Though the peak festival season has still not arrived, the regional festivals have already seen the introduction of new campaigns and special offers from the state tourism boards and tour operators. Kerala Tourism has just spent around Rs.12 million to make the most of the tourism opportunity that Onam, the biggest festival in the state, offers every year and is now preparing to further cash in on the upcoming series of festivals. “It’s too early to comment on what we have planned for the upcoming festival season but we would really be going hard to cash on the mounting opportunity,” P. A. Mohanan Nair, Deputy Director, Kerala Tourism shares with B&E. Arguably the hottest tourist destination in the country,Goa, is also bracing itself to give its patronsa fun-filled experience. “We have various events lined up in Goa to attract tourists in the upcoming festival season. We are organising a Chocolate Carnival during October-end that is expected to attract a large number of children followed by the Football Fest in November, Christmas and New Year’s celebration and then the Annual Wine Festival in January. We will also be doing something special for Diwali & Ganesh Chaturthi,” Armando Duarto, Manager – Travels, Goa Tourism Development Corporation shares with B&E. “We are branding Goa as a lifestyle destination largely because of the social climate of the place,” he further adds.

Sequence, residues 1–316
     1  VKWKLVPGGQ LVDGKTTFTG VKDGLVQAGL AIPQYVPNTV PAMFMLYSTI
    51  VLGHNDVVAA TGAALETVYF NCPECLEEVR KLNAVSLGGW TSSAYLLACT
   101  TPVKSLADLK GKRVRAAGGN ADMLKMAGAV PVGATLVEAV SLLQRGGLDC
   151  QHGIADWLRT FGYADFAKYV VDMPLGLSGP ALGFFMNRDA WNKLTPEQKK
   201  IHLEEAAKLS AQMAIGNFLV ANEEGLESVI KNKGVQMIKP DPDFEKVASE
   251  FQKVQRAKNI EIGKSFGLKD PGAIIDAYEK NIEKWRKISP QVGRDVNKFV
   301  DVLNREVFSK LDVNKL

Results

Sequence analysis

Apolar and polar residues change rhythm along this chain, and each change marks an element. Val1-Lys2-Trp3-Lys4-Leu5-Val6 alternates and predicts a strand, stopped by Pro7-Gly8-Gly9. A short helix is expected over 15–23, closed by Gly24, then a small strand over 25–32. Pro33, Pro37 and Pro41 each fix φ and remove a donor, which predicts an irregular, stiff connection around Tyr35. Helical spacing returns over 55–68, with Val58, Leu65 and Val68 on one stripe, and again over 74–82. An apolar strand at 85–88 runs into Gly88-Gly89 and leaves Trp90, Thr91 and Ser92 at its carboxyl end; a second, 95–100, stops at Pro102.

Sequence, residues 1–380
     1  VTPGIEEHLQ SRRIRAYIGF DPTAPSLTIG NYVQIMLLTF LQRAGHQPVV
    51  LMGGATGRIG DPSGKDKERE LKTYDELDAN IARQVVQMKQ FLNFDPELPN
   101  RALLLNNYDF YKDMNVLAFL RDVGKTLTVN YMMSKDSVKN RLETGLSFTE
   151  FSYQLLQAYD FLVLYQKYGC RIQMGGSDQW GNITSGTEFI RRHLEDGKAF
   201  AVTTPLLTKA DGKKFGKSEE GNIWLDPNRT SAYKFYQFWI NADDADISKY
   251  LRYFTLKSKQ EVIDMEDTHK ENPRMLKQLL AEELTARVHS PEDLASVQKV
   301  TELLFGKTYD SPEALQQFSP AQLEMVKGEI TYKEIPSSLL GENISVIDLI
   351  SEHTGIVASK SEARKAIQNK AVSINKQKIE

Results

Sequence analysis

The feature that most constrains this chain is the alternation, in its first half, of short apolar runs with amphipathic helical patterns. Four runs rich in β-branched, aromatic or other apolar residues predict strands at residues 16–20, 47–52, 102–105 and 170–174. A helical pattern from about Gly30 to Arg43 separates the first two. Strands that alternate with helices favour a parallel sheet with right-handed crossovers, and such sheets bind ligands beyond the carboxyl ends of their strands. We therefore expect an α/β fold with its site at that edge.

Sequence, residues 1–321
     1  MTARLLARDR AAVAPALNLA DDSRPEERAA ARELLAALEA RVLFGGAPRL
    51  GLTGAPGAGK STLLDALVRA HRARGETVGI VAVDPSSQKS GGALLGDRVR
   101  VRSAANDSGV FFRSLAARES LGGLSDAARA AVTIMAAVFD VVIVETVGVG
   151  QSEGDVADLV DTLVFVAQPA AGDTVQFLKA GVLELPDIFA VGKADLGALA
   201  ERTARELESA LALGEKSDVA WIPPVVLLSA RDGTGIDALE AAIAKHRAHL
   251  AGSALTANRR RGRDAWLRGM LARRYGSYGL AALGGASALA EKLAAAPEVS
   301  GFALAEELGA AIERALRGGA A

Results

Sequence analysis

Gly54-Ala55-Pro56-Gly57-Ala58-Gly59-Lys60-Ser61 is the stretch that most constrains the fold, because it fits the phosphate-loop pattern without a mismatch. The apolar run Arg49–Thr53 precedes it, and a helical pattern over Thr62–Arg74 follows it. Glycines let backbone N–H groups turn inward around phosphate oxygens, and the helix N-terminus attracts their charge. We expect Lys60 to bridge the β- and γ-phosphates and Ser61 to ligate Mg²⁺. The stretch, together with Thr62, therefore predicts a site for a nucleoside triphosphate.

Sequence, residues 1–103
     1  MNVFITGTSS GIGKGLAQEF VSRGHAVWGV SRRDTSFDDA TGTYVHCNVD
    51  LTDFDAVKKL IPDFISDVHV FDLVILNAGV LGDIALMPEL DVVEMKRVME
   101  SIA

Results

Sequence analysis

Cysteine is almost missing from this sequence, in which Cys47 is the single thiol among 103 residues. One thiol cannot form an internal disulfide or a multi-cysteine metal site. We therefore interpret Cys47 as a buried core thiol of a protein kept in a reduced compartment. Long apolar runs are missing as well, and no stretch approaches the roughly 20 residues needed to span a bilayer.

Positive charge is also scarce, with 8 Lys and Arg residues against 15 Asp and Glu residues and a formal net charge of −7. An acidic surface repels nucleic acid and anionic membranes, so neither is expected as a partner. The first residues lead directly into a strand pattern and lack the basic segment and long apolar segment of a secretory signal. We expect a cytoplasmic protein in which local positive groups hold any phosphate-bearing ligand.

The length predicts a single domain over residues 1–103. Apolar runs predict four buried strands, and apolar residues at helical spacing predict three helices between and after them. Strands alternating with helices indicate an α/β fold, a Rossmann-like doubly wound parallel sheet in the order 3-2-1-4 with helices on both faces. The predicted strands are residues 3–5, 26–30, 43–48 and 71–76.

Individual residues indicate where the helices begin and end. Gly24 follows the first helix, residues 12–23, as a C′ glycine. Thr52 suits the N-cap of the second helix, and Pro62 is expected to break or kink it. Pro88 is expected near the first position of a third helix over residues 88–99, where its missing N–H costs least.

It’s not that just various state governments are going gung ho over the upcoming festival season; even the central tourism ministry is leaving no space for any battering. Just after showcasing the ‘Spirit of India Everywhere’ at a festival in Moscow and tantalising London’s premier Regent Street with the Indian flavour, the ministry is all set to give Uncle Sam a big bite of India. Well, all this aims at enhancing & maintaining the competitiveness of India as a tourist destination, with a special focus on the festival season. According to a recent report by Research & Markets, a leading research firm, the tourist infl ux to India is expected to increase at a CAGR of 22.65% between 2007 & 2011. Moreover, with disposable income of an average Indian growing at a CAGR of 10.11% during 2001-2006, domestic tourism has been on a fast lane for quite some time. Destinations like Goa, Kerala, Jaipur, Ooty, Darjeeling & Mussoorie are increasingly becoming popular. According to a recent survey by World Travel & Tourism Council, “Leisure traveler preferences are evolving away from packaged tours to individually bundled options.” In order to respond to this increasingly dynamic customer base, travel companies need to have the ability to fl ex their capacity, flex their distribution and fl ex their pricing strategy accordingly. So, whether it’s a new trend led by travellers or state tourism boards, it’s a trend that should stay. So while the pie grows larger, the customer becomes even more difficult to convince. But one thing’s for sure, if you offer the right package, money may not be much of an issue for the increasingly affluent Indian!